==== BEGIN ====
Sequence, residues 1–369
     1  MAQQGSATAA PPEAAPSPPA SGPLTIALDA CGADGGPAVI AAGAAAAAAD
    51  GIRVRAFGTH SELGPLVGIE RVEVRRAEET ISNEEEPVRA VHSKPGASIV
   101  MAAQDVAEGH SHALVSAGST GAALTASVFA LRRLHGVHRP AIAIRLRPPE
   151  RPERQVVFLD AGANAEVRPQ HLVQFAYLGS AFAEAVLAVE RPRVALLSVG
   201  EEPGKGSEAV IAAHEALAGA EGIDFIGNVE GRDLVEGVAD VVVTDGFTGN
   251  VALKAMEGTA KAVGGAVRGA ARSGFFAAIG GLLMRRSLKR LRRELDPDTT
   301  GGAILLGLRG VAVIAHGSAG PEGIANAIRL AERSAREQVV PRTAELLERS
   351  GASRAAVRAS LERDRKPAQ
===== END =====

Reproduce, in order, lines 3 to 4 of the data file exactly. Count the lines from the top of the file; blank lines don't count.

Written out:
    51  GIRVRAFGTH SELGPLVGIE RVEVRRAEET ISNEEEPVRA VHSKPGASIV
   101  MAAQDVAEGH SHALVSAGST GAALTASVFA LRRLHGVHRP AIAIRLRPPE